Obviously a lot of that has to do with the music, which is highly lyrical, but that's also the kind of music that just sits perfectly for these 2 performers, who I already know from other recordings. They're not about being showy, but about subtlety - which makes it more effective when they do let loose a little for loud passages, like in the middle of the slow movement.
Osostowicz/Tomes are exactly the sort of combination you need for this piece, with their mix of introspection and spontaneity. I'm sure they are also excellent in Op. 100.
I've got four recordings of the G major sonata at present.Isabelle Faust/Alexander Melnikov
- Faust's violin sound is what it is. You could describe it as 'sinewy' if you're a fan. Also, when playing Brahms she has a bit of a tendency to wobble. However, this is a carefully thought out and passionate rendition, every phrase perfectly shaped. It also comes with the best recording of the Horn Trio I know of, and Melnikov's contributions include some surprisingly forceful Fantasies Op. 116, free of the Karajan Syndrome he usually suffers from.Thomas Albertus Irnberger/Evgueni Sinaiski
- Irnberger's fairly unique: has a pure tone, incredibly secure in the upper register, but uses lots and lots of portamento. Perhaps he's trying to imitate violinists from the 1920s and 30s. He's also a massive drama queen, so YMMV. I think it's great. Sinaiski's sensitive playing on an 1860s piano helps to ground him a little.Gidon Kremer/Valery Afanassiev
- Slow. That's probably the first thing you'll notice. More specifically, Afanassiev is constantly slowing to a crawl, and Kremer's always left to bring him back up to tempo. This is a recording you'll either love, get bored with or find incredibly annoying. I find that the continual assaults on the pulse serve to play up the romantic aspects of the piece, destroying the illusions of reserve and classicism usually attributed to Brahms and turning it into essentially a 35-minute (yes, 35) free fantasy hardly recogniseable as the original sonata. Very much an 'alternate' take.Arthur Grumiaux/György Shiba-Inu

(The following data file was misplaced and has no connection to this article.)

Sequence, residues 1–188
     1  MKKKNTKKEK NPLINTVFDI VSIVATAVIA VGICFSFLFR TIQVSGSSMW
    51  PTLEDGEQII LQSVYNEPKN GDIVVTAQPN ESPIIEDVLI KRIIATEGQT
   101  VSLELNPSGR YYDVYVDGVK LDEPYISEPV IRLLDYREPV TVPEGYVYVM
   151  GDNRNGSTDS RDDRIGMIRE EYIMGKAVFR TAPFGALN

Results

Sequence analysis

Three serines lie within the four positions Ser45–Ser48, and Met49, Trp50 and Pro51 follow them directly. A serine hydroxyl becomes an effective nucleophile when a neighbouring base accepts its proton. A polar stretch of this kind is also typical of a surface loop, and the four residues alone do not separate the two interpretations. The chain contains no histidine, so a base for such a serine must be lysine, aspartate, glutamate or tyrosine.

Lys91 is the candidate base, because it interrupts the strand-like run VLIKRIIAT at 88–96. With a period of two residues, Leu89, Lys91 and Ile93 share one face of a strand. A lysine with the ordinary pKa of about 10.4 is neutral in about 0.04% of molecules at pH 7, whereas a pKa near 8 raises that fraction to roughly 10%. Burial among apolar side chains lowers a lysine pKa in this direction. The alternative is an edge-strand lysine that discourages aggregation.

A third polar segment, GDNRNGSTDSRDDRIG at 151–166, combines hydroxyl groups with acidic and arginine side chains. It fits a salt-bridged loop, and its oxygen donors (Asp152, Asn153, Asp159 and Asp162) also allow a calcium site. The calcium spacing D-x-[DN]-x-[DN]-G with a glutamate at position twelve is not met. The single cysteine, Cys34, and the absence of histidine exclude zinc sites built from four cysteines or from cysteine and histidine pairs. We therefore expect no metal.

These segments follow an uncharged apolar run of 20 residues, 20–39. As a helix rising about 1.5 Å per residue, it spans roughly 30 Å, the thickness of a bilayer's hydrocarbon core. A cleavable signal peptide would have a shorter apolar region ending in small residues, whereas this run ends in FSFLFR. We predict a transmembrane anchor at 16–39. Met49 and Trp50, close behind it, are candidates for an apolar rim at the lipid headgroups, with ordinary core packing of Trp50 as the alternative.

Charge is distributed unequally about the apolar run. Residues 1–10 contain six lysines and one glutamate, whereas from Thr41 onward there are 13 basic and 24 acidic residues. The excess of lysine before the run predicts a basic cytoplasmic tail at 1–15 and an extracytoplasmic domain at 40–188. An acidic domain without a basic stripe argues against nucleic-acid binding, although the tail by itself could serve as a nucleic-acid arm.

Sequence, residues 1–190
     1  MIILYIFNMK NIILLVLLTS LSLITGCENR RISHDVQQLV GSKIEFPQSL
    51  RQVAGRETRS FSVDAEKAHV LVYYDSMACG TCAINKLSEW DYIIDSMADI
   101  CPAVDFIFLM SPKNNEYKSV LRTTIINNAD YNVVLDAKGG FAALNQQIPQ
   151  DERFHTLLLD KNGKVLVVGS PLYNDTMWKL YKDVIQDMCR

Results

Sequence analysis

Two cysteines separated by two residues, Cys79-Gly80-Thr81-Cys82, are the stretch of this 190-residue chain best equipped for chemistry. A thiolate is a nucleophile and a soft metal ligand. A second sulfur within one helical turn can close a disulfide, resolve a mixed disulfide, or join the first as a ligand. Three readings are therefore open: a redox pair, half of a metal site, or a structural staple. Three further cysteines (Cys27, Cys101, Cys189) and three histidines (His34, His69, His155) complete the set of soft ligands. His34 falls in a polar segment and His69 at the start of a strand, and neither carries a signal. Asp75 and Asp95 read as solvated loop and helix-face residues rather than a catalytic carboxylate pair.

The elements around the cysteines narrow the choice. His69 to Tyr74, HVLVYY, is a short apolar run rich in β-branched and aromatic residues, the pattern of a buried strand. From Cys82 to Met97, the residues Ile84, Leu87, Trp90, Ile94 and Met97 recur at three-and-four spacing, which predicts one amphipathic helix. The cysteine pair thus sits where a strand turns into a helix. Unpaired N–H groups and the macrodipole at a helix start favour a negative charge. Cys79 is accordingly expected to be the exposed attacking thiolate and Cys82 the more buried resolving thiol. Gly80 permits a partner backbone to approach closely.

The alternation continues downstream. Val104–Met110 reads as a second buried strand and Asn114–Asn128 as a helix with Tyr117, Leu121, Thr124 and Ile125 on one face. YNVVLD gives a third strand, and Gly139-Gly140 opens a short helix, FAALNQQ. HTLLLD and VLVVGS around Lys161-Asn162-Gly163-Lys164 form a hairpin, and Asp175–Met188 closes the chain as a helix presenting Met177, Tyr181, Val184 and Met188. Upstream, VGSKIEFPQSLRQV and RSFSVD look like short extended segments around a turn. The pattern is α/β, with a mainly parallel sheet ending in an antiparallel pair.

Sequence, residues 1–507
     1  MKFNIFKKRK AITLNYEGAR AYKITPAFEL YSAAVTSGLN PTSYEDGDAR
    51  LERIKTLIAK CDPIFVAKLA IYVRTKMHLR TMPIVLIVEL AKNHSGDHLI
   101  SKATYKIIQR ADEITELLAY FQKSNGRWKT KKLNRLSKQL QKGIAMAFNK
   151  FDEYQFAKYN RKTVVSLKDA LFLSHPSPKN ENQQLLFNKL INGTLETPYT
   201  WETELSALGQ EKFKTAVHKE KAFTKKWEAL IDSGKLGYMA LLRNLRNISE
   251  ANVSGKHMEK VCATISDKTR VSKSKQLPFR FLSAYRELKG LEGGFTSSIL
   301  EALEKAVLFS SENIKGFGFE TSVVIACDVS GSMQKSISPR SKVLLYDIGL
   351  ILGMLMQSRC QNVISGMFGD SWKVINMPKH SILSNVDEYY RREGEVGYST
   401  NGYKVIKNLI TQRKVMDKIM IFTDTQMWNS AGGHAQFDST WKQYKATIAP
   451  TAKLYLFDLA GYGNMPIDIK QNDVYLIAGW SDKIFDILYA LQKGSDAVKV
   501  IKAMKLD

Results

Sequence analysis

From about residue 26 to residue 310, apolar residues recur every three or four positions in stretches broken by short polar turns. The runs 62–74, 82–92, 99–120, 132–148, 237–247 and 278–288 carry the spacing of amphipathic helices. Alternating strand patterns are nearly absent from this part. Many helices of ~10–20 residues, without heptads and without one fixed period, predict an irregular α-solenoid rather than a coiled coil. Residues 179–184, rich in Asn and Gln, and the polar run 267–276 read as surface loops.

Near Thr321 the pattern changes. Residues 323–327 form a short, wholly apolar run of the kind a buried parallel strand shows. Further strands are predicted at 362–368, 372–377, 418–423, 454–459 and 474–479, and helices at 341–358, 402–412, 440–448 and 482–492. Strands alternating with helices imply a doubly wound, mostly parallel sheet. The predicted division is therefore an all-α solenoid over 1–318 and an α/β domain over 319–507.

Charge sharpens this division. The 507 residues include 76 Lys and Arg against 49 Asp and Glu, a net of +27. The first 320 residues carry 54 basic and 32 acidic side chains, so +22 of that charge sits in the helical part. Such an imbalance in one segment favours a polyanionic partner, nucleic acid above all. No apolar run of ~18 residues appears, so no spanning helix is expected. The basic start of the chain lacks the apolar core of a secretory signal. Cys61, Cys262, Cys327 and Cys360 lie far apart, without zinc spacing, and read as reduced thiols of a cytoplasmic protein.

- such delicate, much affectionate, very expression, wow
+ the cello arrangement, variously attributed to Brahms or part of the Klengel mafia. I strongly recommend this. Persons with perfect pitch are to note that the music has been recast in D major.Marc Coppey/Peter Laul
- Coppey's sound, ranging from feathery to majestic to growling and with minimal vibrato, is surely the envy of violinists everywhere. The players imbue the music with tenderness and intimacy, even the forceful bits. If you don't like this one, the cello version has been recorded a few other times, by Ma and Wispelwey and some other less famous cellists I don't remember right now.